Sunday, May 19, 2013

When I Went to Work in the National Parks

In 2007, out of work and floundering for something that would both interest and support me financially, I discovered the Coolworks website, which lists a wide range of seasonal hospitality jobs.

Every year National Parks, ranches, resorts and wilderness lodges (just to name a few) hire thousands of employees from around the world to staff their facilities. Jobs range from housekeeping and kitchen workers, to gift shop and front desk staff, to  the more "exotic" roles of ranch hands and trail riding guides! Employment terms start at a minimum commitment of 90 days. Occasionally you may find a full time permanent position. 

I sent out several applications. My first choice was retail staff at Grand Canyon National Park (South Rim). I don't recall how long passed before I received an offer from a fishing lodge in Alaska. I think I waited about another week, and when no word came from Arizona, I accepted the job on the Kenai Peninsula.

Of course, since the Universe has a sense of humor, I had no sooner sent my non-refundable $100 room deposit to Alaska than I was offered the position at the Canyon! After a few days of weighing options, I decided my heart really wanted to be in the southwest, cancelled my gig in Alaska, and made preparations for Arizona.

I arrived on the property, which is maintained by contract with Xanterra South Rim LLC, in March 2007. My assignment was retail staff at Hermit's Rest Lodge, a smaller historic property at the far western side of the popular Rim Road.

Porch Area of Hermits Rest Snack Bar and Gift Shop in Winter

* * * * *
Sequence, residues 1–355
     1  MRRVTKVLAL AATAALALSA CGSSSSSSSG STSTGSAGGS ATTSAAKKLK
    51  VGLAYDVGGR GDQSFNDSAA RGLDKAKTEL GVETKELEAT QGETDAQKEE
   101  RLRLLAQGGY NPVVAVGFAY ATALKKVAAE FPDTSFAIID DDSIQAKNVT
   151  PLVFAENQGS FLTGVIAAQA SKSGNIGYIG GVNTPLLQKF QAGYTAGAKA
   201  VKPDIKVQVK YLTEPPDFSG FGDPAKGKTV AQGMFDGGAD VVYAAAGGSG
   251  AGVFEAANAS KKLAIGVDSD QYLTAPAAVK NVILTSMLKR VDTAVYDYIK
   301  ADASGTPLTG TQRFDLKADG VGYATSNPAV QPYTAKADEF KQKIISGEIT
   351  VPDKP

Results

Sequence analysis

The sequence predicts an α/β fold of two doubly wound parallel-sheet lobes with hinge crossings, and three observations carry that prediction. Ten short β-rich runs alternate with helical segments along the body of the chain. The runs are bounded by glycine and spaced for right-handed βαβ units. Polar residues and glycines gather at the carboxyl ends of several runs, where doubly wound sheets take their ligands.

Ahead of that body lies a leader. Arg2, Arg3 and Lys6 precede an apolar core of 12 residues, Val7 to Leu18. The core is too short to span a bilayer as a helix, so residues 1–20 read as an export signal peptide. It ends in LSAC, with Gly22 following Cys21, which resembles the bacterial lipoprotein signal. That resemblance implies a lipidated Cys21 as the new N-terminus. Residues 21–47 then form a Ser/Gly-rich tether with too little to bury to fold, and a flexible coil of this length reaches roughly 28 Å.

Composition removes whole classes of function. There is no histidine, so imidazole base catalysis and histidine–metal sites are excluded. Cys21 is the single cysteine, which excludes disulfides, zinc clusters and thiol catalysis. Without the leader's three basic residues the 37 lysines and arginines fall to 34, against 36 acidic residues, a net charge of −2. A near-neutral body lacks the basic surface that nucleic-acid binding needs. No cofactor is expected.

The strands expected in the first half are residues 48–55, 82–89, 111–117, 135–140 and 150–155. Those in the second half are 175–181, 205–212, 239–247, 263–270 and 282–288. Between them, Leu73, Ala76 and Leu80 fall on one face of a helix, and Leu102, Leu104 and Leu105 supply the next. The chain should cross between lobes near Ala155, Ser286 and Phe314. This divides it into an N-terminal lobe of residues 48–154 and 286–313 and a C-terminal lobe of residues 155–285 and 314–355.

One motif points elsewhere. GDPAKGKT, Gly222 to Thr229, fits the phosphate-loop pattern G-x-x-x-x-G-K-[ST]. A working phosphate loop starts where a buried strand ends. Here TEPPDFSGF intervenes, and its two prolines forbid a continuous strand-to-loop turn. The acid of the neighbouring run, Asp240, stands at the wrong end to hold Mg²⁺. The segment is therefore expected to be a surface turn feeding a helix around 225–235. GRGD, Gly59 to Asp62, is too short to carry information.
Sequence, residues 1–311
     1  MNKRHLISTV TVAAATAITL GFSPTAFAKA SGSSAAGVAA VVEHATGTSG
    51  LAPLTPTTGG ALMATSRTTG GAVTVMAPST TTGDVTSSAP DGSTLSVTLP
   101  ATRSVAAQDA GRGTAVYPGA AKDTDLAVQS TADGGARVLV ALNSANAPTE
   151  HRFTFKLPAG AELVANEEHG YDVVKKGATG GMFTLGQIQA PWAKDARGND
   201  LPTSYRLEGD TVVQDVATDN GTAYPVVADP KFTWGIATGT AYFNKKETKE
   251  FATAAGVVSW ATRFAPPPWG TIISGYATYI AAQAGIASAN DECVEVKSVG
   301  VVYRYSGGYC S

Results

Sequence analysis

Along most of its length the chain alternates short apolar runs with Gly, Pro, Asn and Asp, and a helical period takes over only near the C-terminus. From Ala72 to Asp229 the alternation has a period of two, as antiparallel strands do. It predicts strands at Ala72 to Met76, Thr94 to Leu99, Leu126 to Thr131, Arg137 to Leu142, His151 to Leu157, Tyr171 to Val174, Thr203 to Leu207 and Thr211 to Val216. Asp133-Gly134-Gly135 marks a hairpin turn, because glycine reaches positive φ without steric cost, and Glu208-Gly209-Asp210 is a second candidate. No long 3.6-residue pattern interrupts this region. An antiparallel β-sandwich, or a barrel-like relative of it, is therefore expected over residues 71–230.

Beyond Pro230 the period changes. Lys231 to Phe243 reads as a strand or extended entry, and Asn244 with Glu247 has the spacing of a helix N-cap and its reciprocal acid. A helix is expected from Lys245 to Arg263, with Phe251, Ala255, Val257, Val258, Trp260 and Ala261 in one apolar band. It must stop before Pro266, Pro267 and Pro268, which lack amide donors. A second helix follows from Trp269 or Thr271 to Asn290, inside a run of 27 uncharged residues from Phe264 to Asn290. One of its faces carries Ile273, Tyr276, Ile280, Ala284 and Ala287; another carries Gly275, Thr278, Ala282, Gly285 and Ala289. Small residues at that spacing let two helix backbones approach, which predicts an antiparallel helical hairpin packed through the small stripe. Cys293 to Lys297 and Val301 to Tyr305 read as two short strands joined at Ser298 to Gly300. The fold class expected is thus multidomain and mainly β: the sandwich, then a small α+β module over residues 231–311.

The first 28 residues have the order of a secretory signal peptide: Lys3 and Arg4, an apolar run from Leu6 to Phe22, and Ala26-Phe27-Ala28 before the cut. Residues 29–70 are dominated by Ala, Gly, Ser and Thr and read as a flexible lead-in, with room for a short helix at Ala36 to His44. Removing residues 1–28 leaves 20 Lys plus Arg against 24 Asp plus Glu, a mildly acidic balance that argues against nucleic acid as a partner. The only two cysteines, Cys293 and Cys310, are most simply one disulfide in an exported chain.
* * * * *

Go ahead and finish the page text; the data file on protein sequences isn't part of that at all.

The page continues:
Working at Grand Canyon changed my life. It gave me a lot of opportunity to practice my passion for photography (all images on this page are my own). It also introduced me to hiking and fueled my interest in ancient history and geology.

Exterior of Historic Hopi House at Grand Canyon

Some of the difficulties for me were:
* being 75 miles from the nearest city, Flagstaff (maybe going once a month for shopping necessities not provided at the village's general store)
* cell phone coverage was slim, and even when available, calls dropped frequently
* long work hours (sometimes up to 60 hrs a week)

Other lessons included:
* living in close proximity to a lot of different personalities from diverse cultures and backgrounds, which was both fascinating and frustrating.
* helping customers from all corners of the earth
* trying to help educate the public regarding proper ways to interact with and care for the environment and wildlife (I'll talk much more bluntly, ie less politely, about some of those experiences in a future post!)

I have since worked at three other western US national parks (not including the upcoming job), but the South Rim will always be a special memory for me.

If you want to work for Xanterra at the Grand Canyon, or any of their other locations, you can check current openings and apply online at: Xanterra Jobs

Colorful Canyon Sunset Viewed from Yavapai Point

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